There’s nothing like belly dancers, fire-eaters, food trucks and live music to keep summer’s party going. And if you like axe throwing and theater, there’s that, too, at the fourth annual New Jersey Fringe festival, Friday through Sunday, Aug. 2 through Aug. 4, in downtown Hammonton.

“This fringe festival is something special,” says Ed Corsi, managing director of the Eagle Theatre, which is producing the event. “It’s very similar to the one in Edinburgh,” which has a host of eclectic theater acts and street performers.

“Four years ago, we thought having a fringe festival in Hammonton was a crazy idea,” recalls Corsi. “But we’re building a cultural epicenter here. This is bringing people to the town. Last year alone, we had 1,100 people come for the festival. And each year, those numbers continue to grow.”

Wander the festival “grounds”—a 12 block hub—and enjoy all the outdoor acts for free: fire-eaters, live bands, belly dancers, street artists and craft vendors. You can try your hand at axe throwing or billiards. And if you want to imbibe at the beer garden while listening to live music, you can do that too. Twenty-two bands will perform all weekend long, playing cover music and original songs.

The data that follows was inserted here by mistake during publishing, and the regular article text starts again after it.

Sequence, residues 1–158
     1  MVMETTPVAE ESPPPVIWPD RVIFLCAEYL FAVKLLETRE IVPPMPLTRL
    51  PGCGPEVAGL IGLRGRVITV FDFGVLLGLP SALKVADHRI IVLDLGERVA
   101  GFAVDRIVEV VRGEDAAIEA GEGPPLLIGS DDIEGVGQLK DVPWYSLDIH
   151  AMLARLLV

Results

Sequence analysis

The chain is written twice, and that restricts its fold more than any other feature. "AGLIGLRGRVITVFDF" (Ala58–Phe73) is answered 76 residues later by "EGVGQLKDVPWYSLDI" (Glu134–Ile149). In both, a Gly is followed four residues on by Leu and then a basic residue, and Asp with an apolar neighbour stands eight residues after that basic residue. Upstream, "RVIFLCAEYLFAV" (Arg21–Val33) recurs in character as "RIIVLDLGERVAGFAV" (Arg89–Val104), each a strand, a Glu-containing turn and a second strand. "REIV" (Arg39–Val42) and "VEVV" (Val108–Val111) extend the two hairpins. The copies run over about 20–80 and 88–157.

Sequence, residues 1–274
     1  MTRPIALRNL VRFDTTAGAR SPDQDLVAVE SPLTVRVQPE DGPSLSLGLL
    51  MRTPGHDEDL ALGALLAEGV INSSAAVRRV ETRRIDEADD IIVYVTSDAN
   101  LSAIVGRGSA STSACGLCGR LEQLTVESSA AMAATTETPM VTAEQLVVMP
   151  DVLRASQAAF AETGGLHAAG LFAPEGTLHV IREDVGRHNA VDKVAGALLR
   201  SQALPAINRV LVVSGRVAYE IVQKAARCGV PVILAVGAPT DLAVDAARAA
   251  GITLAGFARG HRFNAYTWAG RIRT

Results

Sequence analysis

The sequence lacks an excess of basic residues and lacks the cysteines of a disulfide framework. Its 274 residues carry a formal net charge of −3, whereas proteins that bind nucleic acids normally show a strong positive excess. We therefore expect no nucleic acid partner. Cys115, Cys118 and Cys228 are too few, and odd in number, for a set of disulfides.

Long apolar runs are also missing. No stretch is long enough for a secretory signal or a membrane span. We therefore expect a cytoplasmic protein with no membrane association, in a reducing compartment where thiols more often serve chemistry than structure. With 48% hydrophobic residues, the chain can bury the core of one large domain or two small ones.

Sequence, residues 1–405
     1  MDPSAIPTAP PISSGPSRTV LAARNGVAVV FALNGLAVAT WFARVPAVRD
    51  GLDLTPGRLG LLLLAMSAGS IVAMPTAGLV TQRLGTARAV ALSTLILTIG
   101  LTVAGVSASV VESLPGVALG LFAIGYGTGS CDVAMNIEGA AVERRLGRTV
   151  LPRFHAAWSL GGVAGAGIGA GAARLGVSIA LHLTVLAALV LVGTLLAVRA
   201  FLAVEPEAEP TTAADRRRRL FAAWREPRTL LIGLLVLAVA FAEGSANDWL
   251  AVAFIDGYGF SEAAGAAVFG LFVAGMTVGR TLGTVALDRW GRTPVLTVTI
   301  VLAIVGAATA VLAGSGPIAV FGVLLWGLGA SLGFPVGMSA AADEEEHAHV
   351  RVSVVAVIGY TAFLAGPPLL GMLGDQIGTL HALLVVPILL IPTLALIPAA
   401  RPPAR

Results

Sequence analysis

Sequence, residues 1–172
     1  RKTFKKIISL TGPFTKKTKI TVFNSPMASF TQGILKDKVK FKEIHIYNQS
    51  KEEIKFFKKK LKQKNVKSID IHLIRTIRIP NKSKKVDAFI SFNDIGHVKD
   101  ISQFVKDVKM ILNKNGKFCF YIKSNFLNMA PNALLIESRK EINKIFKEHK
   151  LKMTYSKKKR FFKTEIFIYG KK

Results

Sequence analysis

No festival would be complete without a ton of food. Good eats are everywhere, with 10 food trucks to choose from. You can opt for tacos, burgers and cheesesteaks. Or if you want healthier fare, vegan options are available at the Self Love food truck.

In the middle of all the festivities, theater dominates. You can binge on it for one day, two days or the entire weekend. This year’s fringe features 13 original and rarely produced pieces, ranging from musicals to comedies to drag shows.

Corsi says the Fringe committee received 168 submissions from across the country. In selecting this year’s lineup, the committee wanted to offer theater to appeal to a variety of age groups, including children.

To that end, Under the Moon is a play based on the Hans Christian Anderson fairytale, What the Moon Saw. There’s also a magic show, Town X, by the Baltimore-based team, The Encounter. And 25-minute musical excerpts from Joseph and the Amazing Technicolor Dreamcoat will be performed by students from the Eagle Theatre’s Conservatory Summer Camp.

We spoke with playwright Julian Bliss whose work, Moving to Quebec, was selected to be performed by the Atlantic City Theatre Company in this year’s fringe. In this one-act comedy-drama, a group of college friends are reunited for a going away party. A fun time slowly unravels as hidden truths are revealed and forgotten feelings resurface.

Bliss, who lives in Brigantine, says he knew he wanted to be a writer at age 7 or 8. “I have dozens and dozens of notebooks filled with ideas, stories and drawings,” he says.

He likes to write about his own personal experiences, along with delving into issues of mental illness and mental health. “The play [Moving to Quebec] explores how a lot of people grapple with personal demons in their lives, and you never really know what’s going on underneath. Sometimes there’s a lot a person’s going through beyond what they show the world.”

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